So that’s my latest way of keeping my whitework threads at my fingertips while I’m stitching. At the end of a session, I simply gather them up and slip them into my basket, so that they aren’t collecting dust while hanging on the lamp post.

If you were going to go with the key tabs for organizing a large number of threads, I think I’d look for a place where they could be purchased in bulk for a lot less. The 8 / $2 thing was a special – I think they run normally about $3 for a package of 8, which is kind of ridiculous if you’re planning on organizing a lot of thread. But for a project with a limited range of threads, it’s a neat way to keep them all marked and together.

So here endeth the lesson… and I’m off to spend some quality time with my needle ‘n thread! Updates on the whitework sampler, coming up…



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(13) Comments

  1. What a good idea. I love the hemstitching and weaving you have used as a background – is this the next one on whitework sampler? Hope so.

  2. Great inspiration! I love magnets also; have you seen the rare-earth magnets? They are so strong! I love your decorative ones too.

  3. The key tags are a great idea for organizing threads for a specific project. The magnets are cool too. Have you heard of magnetic paint? I’m thinking of getting some and making a magnet board for holding stuff in my studio.

  4. What a great idea…It’s one of those “Now why didn’t I come up with that?” things ๐Ÿ™‚
    I love silks and find that the best way for me to store them and not get them tangled, is to hang them. This makes a great alternative to keeping them on their original hang tags – which tear and also snag.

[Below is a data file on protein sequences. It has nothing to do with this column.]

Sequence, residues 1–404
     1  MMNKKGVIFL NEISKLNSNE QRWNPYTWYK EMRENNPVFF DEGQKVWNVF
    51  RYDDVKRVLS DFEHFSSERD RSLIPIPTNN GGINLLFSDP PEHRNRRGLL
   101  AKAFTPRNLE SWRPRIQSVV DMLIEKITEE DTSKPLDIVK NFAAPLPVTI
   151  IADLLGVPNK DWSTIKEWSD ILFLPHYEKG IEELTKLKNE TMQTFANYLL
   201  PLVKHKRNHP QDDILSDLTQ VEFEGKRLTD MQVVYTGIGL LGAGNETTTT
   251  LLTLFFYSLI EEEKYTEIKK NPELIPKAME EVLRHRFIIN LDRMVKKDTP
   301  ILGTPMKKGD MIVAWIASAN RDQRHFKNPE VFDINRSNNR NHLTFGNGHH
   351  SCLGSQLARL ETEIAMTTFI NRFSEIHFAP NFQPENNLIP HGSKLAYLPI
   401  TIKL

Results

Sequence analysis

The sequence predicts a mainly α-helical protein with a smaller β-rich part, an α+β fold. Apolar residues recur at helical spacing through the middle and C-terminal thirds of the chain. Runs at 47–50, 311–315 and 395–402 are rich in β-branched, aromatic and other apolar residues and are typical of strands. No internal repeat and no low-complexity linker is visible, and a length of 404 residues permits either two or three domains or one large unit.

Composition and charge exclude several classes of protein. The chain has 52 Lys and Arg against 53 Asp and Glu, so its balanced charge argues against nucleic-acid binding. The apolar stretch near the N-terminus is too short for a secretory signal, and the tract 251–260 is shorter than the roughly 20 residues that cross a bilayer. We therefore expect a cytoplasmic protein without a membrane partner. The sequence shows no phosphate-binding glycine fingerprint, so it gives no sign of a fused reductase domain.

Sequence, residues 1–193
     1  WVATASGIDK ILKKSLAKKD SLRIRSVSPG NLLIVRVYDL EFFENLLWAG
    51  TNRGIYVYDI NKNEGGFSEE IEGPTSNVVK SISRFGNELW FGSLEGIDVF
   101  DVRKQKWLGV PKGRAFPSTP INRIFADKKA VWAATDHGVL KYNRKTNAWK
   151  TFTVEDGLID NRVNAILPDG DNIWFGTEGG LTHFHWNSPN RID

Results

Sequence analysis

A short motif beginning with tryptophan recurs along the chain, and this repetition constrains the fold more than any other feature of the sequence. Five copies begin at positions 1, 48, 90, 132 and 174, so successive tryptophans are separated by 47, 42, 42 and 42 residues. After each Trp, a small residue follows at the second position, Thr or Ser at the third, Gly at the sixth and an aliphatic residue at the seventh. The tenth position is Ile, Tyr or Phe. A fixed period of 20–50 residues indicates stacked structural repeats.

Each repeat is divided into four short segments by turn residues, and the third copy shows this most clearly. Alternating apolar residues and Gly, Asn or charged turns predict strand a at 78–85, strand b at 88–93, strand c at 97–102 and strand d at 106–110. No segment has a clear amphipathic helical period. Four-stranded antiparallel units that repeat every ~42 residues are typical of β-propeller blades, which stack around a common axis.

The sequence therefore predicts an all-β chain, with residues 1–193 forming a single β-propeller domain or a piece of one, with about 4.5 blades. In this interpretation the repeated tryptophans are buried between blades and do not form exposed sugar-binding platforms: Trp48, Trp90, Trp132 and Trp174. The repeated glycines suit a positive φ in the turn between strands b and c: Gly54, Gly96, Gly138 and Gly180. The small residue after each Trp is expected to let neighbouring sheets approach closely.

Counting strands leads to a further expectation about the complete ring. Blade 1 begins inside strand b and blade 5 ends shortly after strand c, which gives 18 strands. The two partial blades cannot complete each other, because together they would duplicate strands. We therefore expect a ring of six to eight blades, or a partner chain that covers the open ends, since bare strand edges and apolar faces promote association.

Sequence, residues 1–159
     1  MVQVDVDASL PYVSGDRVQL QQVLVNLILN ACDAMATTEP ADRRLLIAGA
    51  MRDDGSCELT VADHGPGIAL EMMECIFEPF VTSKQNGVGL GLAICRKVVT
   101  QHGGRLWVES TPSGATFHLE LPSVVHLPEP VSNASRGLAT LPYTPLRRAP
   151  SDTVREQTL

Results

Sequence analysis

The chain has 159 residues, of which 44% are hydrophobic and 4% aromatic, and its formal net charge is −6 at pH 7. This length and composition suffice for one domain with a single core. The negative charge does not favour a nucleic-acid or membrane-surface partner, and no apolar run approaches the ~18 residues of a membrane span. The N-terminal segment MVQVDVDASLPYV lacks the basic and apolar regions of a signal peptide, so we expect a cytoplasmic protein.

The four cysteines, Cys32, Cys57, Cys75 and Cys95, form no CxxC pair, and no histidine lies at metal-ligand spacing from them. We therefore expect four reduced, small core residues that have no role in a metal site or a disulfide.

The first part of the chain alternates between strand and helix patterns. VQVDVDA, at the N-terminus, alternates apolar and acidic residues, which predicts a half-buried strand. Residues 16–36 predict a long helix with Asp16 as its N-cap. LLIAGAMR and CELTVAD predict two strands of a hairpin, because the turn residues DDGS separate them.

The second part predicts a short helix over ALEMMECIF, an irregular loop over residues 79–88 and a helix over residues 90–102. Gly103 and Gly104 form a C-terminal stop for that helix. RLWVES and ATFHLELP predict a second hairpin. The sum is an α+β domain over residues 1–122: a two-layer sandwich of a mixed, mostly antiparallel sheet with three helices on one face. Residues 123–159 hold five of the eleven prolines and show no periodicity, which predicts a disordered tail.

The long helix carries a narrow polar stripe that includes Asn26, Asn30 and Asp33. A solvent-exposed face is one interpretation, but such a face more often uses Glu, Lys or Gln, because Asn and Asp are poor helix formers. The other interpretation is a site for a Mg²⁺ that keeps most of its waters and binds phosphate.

Thanks so much!

    Off to the office supply store ๐Ÿ™‚

    Hugs, Marlon

  5. This is brilliant! I usually do the ol’ hole punch a piece of card and thread them through the holes, but this is a great idea. And instead of keyrings, if they were replaced with small carabina’s you could have all your threads suspended on a rail and select off the ones you want by unclipping them. Huge potentials…!!

  6. Hello,

    I found your site today and was so thrilled about the free tutorial videos. I’ve been bad at embroidery for years because of not watching anyone do it.

    One of my upcoming projects is some pillowcases, which I’m thinking about doing whitework (well, natural-work) on. I have two questions. First, is it necessary to embroider on one layer, or could it work to make a normal hem on the case first and then embroider it? Or if I make a hem, is it better to embroider it first and then fold it over and sew it?

    Second question- I bought some Mettler silk-finish mercerized cotton thread a little while ago, which was advertized as good for handsewing. Is it also good for embroidery, or is it not as thick as something like the coton a broder?

    Any suggestions would be greatly appreciated… Thanks for the great site and the free patterns!

  7. Hi, Goldberry –

    Well, I think I would embroider first on the pillow case, then turn it and hem it. That way, the back of the embroidery is covered – which is good for a couple reasons: 1. it’s protected, and 2. no one can see it!!

    I haven’t tried the Mettler threads. They sound interesting – I wonder if anyone else out there has used them? I’ll ask… My guess, off the bat, is that it probably isn’t as thick as coton a broder. Hand “sewing” thread is usually fairly fine thread.

    Best of luck on your pillow cases! And welcome aboard – I’m glad you’ve found my website!


  8. I have the 1979 Reader’s Digest “Complete Guide to Needlework” which I love, but I need to start getting more books.

  9. I use dowel rods to organize rolls of ribbon. I clamp a bulldog paper clamp on one end of the rod. Then load the spools of ribbon. When full I add another clamp to the other end of the rod. I can hang the rod by opening the “wings”. It’s also portable. I prefer shorter rods, and organize according to color and ribbon size. You could do something similar with lighter plastic rods.

  10. What count fabric would u surjest 4 casalguidi I can not find a book or pattern that surjest this on can only find patterns 4 the 4 sided stitch many thanks Christine look forward your reply